Posted on Thu, Oct 20, 2011
Rev. Dr. Merritt's Sermon for October 9, 2011
Rev. Dr. Jim Merritt
October 9, 2011
Introduction: Some of you may know I participate in a lectionary discussion with other MCC Pastors from around the country every Tuesday. This week every one of us agreed that Matthew’s parable in today’s lectionary is our least favorite of all. I would take it just a step further and say to you that I don’t like it at all. So why not just skip it and do something else, you might wonder? I don’t skip the hard parts because I often find that they have some really good points for us to consider. I find that my own biblical scholarship grows as I wade through them trying to make sense of them first for myself and then for you. I like the spiritual discipline that comes from working through hard things rather than avoiding them. So, I hope you will buckle down with me this morning as we look for God’s message for us, this day, in the Gospel of Matthew. Will you pray with me? God, we come with our hearts open before you. This is not an easy lesson, yet we know that you have it before us for a reason. Make your way clear to us and make the words of my mouth and the meditations of all of our hearts pleasing and acceptable to you. AMEN.
Gospel: We know this reading as the Parable of the Wedding Feast. It is the third in a series of three parables and it has two parts; the invitations in verses 1 – 10, the ejections in verses 11 – 13, and one final word in verse 14, which sums up the whole parable. The very first part tells us about invitations rejected and then invitations accepted. In return for the violence done to his messengers, the king, which really translates “landlord” sends his armies to destroy his enemies and their city. Interestingly, the second part is not found in Luke’s Gospel. Its language about weeping and gnashing of teeth, according to Professor Daniel Harrington, is characteristically Matthean. The distinctive motif is that of an invitation. As usual, some accept the invitation and some do not. What makes these invitations unique is that only the kind issues them and that the emphasis is on rejection and acceptance of the invitation.
Rocco Errico suggests the following model, which I think gives the story some much needed order. God is represented by the king or landlord. The first servants are the early prophets whom God sent to the Israelites to invite them to God’s great feast. Those who were invited refused to come. The .second group of servants symbolizes the latter prophets, whom God sent urging people to return to the way of God, promising them that the coming of the Messiah was near, along with the day of deliverance. They also rejected the invitation and killed some of the landlord’s servants. The third group signifies the apostles whom God sent to invite the Gentiles to the great wedding feast. The banquet was all prepared, and many refused to attend.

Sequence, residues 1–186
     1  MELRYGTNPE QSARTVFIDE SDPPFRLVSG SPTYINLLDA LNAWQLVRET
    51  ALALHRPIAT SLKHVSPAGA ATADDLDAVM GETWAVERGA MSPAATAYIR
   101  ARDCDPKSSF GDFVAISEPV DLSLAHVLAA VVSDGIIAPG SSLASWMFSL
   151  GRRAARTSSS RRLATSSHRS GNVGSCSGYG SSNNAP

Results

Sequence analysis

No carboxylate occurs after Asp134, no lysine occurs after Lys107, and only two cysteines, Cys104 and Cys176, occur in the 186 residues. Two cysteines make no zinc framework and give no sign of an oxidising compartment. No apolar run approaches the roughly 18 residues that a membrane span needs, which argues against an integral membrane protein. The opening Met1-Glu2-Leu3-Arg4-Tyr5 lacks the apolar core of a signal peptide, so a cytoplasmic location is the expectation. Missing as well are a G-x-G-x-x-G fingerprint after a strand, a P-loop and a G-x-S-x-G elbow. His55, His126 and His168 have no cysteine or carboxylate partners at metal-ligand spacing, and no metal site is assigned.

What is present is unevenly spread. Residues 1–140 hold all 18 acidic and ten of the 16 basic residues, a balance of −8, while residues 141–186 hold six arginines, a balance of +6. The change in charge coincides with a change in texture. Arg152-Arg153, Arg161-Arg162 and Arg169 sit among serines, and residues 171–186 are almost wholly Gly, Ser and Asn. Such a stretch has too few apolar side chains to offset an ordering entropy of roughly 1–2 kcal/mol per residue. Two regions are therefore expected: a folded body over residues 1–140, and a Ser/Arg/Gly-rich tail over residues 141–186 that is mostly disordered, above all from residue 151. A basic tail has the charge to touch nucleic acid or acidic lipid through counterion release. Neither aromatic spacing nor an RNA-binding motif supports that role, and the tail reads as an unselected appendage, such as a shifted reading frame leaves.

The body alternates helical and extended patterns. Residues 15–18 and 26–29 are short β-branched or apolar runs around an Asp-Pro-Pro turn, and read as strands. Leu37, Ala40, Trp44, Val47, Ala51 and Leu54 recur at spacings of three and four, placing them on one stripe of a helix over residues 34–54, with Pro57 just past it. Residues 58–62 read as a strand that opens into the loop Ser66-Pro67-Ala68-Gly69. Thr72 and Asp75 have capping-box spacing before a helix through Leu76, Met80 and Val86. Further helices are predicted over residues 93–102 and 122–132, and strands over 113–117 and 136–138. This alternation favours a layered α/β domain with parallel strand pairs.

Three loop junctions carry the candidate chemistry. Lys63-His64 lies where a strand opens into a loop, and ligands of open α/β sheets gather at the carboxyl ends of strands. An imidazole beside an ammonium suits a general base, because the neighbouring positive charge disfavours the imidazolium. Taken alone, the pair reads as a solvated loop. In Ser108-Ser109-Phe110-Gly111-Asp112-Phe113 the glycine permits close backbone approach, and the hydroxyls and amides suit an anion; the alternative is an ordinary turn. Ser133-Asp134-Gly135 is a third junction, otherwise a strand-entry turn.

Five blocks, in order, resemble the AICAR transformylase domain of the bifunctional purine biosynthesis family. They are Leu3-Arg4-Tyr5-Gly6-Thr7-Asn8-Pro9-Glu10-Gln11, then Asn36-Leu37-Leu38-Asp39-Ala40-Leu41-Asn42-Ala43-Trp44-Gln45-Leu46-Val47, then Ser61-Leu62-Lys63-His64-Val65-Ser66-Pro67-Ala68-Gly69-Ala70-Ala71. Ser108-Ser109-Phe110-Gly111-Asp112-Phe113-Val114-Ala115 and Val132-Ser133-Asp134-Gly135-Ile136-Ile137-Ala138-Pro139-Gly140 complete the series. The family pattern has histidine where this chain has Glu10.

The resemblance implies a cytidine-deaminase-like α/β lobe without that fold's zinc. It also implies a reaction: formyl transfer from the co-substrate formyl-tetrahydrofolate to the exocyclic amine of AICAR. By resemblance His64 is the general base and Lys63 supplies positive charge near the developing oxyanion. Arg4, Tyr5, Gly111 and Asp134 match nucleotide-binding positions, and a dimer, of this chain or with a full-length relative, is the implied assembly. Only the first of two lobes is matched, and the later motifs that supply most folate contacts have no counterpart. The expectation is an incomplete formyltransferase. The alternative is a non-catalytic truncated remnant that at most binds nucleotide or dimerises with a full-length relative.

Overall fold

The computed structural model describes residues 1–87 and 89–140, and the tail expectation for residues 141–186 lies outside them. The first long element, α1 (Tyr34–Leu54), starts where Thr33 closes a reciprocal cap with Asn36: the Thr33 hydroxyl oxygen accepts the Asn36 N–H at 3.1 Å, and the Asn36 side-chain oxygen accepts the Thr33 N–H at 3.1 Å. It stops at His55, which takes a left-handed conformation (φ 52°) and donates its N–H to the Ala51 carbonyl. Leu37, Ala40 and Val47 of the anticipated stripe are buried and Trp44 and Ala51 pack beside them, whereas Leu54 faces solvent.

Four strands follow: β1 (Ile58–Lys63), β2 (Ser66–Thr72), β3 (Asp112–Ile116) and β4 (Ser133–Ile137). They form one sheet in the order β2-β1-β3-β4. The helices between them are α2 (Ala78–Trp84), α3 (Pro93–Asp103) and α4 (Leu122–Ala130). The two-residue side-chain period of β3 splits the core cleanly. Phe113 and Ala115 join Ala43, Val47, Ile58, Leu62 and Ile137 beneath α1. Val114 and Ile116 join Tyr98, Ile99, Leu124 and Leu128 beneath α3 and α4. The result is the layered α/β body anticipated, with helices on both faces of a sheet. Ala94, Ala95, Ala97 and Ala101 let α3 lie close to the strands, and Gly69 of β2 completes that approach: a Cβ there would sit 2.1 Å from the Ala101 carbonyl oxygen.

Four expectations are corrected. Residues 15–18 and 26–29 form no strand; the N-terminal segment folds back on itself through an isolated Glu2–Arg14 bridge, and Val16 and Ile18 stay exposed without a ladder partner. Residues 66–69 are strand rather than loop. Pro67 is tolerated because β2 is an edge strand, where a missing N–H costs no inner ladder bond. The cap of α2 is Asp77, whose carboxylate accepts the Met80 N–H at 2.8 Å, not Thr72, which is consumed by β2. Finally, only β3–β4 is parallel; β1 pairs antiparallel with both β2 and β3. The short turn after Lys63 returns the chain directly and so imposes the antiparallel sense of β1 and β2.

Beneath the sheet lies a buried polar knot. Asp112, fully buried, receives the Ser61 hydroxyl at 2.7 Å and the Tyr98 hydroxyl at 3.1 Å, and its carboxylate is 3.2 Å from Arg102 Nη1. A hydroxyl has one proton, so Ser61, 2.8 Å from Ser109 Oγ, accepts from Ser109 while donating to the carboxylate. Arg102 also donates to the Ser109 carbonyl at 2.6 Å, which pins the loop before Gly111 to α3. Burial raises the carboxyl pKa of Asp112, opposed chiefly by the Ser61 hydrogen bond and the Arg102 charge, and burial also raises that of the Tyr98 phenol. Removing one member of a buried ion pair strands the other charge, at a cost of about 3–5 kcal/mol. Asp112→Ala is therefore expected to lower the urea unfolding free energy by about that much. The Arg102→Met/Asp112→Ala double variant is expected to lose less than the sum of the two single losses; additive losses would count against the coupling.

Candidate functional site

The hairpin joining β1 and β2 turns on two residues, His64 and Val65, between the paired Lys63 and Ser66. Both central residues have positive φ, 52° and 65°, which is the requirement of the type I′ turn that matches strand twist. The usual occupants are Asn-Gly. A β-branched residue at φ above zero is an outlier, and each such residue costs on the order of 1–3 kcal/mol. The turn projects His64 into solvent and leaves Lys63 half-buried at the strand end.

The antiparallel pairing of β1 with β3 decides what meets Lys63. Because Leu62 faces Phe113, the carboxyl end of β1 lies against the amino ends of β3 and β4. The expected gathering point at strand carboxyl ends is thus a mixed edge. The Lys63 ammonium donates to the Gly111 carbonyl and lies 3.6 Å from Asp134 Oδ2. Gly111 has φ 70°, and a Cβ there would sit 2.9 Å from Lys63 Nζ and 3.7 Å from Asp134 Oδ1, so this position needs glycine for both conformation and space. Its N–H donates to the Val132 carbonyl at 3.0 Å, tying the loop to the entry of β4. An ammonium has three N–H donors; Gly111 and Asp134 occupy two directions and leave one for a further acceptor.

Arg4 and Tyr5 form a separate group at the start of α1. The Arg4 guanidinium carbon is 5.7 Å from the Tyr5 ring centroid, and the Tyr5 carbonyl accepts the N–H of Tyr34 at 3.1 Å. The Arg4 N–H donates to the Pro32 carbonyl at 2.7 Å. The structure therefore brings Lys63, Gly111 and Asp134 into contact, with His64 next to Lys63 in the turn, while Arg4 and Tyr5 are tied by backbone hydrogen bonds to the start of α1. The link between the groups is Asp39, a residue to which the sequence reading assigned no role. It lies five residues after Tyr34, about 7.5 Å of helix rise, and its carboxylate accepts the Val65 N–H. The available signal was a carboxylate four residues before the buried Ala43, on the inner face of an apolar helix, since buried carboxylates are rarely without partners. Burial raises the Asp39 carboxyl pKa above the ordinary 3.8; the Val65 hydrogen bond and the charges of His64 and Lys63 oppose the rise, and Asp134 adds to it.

Errico says the “highways and byways” refer to Gentiles who had not been invited at first and who knew little about God. Since the first invitees refused to come, Gentiles, and pagans were invited and welcome to come to the banquet. Finally, the bridegroom represents the Messiah. The marriage feast symbolizes the inauguration of God’s universal kin-dom, the kin-dom of heaven
Just a word or two about the one thrown out for not being appropriately dressed. Clothes were and are scarce in the Near East. In only a few areas do residents there have any clue about styles as in the United States and Europe. Still very few workers have extra garments for special occasions like Sunday mornings, holidays and weddings. For most working people the same garments are worn throughout the year. However, it is and was against proper etiquette to attend a wedding or a banquet without a clean garment. It is considered an insult to one’s host to do so. Just like in many of the popular clubs in large cities, servants and staff observe the clothing people are wearing prior to allowing them inside to the banquet or party. If one does not have the proper clothing, he or she is expected to borrow it from a neighbor. The same is true of jewelry for women and yes, this practice of borrowing is very common in Near Eastern culture. Some people, usually men…no offense to you…find it just too much effort to dress properly, to change clothes and to make themselves look good for special occasions such as this. I dare say that most of our men would give some challenge to that stereotype! Two things are probably true here; the man probably did have a clean garment that he could have worn and he just didn’t bother. AND the shortness of time between the late invitation and the start of the banquet would have made very difficult for him to do so. The comparison in the Gospel is to our need to be ready for the kin-dom of God. We are called to watch, wait and be ready.